A few steps above, the double helm station is an area that I believe Princess has perfected. The line of sight, even while cruising along at 25 knots and banking into turns, is flawless. The analog gauges are easily viewed—no neck-twisting necessary. Our test boat was equipped with a Furuno NavNet 3D chart plotter and radar combo on the inboard side of the helm station. When extra vigilance is required, such as running in fog or at night, this arrangement works really well. The mate can push the buttons and navigate, while giving the helmsman direction. And again, because the line of sight is unobscured, running at night from the station is an easy option. The engine controls, bow thruster stick, and necessary breakers are all perfectly placed for a natural orientation.
There is a dinette opposite the helm station. I like having a designated “dining” area and a designated “lounge” area. If you cruise with kids or grandkids, you know that meal times are often staggered. Without this setup, chances are you’re prematurely converting the saloon into a mess hall for mac and cheese and chicken nuggets, while the adults are still trying to relax. Because of the large windshield, it’s also a good perch for your guests to sit and watch the action if the captain chooses to operate the 50 from the lower station.
A U-shaped settee runs the length of the starboard side in the saloon, with a banquet and f latscreen TV opposite. In the saloon, as in the rest of the interior, the joinery is flawlessly executed and finished. Princess offers several choices of wood, depending upon your taste.
Another noticeable improvement over the previous 50 is in the engineroom. Some key service points on the earlier model required a gymnastics routine to access. Not so on the latest version. There is sufficient room around the twin 670-horsepower Volvo D11 diesels for routine service, with access from a deck hatch.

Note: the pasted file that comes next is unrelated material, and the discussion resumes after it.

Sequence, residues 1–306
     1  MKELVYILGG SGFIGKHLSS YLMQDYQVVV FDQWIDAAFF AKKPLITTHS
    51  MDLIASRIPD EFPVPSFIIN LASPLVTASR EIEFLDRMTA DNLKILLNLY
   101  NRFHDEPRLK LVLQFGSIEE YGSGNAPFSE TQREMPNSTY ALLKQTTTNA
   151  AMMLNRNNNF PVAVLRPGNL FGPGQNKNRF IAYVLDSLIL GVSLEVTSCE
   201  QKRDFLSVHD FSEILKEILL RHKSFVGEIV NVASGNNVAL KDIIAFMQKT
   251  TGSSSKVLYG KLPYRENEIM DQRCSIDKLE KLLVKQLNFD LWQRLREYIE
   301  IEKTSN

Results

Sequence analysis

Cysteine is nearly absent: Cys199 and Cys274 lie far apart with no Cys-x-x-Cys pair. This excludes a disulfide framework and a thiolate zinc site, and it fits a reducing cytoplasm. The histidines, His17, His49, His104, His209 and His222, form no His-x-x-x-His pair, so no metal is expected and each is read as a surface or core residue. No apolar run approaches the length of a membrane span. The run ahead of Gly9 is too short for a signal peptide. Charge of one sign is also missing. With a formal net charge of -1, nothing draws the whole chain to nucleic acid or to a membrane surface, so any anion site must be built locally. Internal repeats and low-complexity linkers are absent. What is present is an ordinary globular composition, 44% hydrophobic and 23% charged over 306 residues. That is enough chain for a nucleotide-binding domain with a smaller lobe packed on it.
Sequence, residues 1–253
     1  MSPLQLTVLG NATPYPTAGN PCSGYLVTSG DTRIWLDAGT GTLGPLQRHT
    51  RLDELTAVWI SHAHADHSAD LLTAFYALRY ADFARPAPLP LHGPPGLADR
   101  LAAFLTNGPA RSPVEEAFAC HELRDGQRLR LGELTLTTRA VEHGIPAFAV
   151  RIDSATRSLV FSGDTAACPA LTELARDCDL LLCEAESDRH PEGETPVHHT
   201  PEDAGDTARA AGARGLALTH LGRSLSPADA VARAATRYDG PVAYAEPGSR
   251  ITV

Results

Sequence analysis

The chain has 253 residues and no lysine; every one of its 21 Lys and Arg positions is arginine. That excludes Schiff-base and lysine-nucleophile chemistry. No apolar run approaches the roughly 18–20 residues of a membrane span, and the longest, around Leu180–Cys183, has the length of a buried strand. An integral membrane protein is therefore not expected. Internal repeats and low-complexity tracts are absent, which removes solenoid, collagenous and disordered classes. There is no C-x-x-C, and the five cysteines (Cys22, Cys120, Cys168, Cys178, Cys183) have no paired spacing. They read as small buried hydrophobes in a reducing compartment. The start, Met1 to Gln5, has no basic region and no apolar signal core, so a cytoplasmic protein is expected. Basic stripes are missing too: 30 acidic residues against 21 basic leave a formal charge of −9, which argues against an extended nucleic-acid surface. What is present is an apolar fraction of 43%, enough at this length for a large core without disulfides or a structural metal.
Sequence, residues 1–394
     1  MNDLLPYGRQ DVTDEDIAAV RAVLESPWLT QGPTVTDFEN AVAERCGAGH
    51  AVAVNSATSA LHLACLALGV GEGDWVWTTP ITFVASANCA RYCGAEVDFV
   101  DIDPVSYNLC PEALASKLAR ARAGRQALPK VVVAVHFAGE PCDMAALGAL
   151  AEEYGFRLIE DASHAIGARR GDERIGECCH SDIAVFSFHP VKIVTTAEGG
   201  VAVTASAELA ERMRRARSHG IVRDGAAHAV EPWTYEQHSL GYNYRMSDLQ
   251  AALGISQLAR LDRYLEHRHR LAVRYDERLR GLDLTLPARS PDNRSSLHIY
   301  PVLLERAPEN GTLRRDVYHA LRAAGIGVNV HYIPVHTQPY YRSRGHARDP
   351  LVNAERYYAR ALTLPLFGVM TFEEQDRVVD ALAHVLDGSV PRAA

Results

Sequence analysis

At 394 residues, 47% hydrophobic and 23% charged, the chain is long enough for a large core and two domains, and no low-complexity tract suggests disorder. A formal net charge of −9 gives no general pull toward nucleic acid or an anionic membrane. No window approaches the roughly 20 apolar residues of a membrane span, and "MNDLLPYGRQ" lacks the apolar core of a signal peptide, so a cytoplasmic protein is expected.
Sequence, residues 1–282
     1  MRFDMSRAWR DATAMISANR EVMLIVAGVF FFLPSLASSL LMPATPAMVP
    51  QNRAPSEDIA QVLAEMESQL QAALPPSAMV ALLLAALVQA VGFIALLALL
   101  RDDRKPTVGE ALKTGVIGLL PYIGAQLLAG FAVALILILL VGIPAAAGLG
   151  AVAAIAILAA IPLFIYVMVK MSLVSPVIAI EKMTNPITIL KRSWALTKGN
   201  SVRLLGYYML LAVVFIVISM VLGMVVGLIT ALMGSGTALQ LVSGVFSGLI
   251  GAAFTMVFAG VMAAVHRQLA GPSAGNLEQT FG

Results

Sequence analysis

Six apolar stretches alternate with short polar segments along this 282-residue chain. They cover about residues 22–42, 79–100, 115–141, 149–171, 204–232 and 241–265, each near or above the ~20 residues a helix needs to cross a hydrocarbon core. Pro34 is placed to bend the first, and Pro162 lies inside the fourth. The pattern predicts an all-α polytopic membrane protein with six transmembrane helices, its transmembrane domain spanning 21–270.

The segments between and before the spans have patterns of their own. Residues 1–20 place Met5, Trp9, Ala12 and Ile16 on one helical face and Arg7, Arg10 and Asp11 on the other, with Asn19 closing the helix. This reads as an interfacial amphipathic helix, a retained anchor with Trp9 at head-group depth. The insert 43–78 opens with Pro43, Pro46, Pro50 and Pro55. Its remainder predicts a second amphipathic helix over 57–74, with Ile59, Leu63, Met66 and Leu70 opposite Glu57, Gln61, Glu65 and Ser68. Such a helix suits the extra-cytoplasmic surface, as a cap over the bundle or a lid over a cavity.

The deep-V hull with 19-degree transom deadrise produced a ride that I’ve come to expect from Princess. The 50 greeted the three-foot chop, mixed in with a larger swell f lowing in from the English Channel, with a mocking laugh. There was no protest from the hull structure when we met the seas at a top speed of 32 knots. Her running attitude was at approximately five degrees, which just added to the aforementioned flawless line of sight from the lower station. Optional 715-horsepower Cat diesels are offered, giving a top speed of 32.4 knots—as well as a few more knots and a few more miles of range when comparing engine load data in the 80- to 90-percent range.
The flying bridge helm is to port, and when backing down, the helmsman can easily see astern by looking through the staircase opening and transom door. There’s a drink fridge and barbecue abaft the helm, and a settee with a table along the starboard side. Tender stowage is relegated to the large swim platform, which is preferable in my opinion.
Anchor retrieval is made safer with a horizontal deck platform and a grippy non-skid around the windlass.
Princess Yachts offers models ranging from 42 to 130 feet. The yard’s hightech, 38-acre facility is continuing to build high-quality boats that are constantly evolving as technology and market preferences evolve. The new 50 is a sound example of this equation. Combine this with the dedication and expertise of Viking Sport Cruisers, along with their strong dealer network, and you may find yourself humming the same line I have while writing this review: “Meet the new boss, same as the old boss.” If you’re looking to create some family adventures, the Viking... err...Princess 50 is ready for the task.
Displ.: 41,890 lb.
Fuel: 600 gal.
Water: 155 gal.
Deadrise: 19 degrees
Standard Power: 2 x 670-hp Volvo D11 diesels
Optional Power: 2 x 715-hp Caterpillar C12 diesels
Base Price: Price is available upon request
Viking Sport Cruisers; (609) 296-6000, www.vikingsportcruisers.com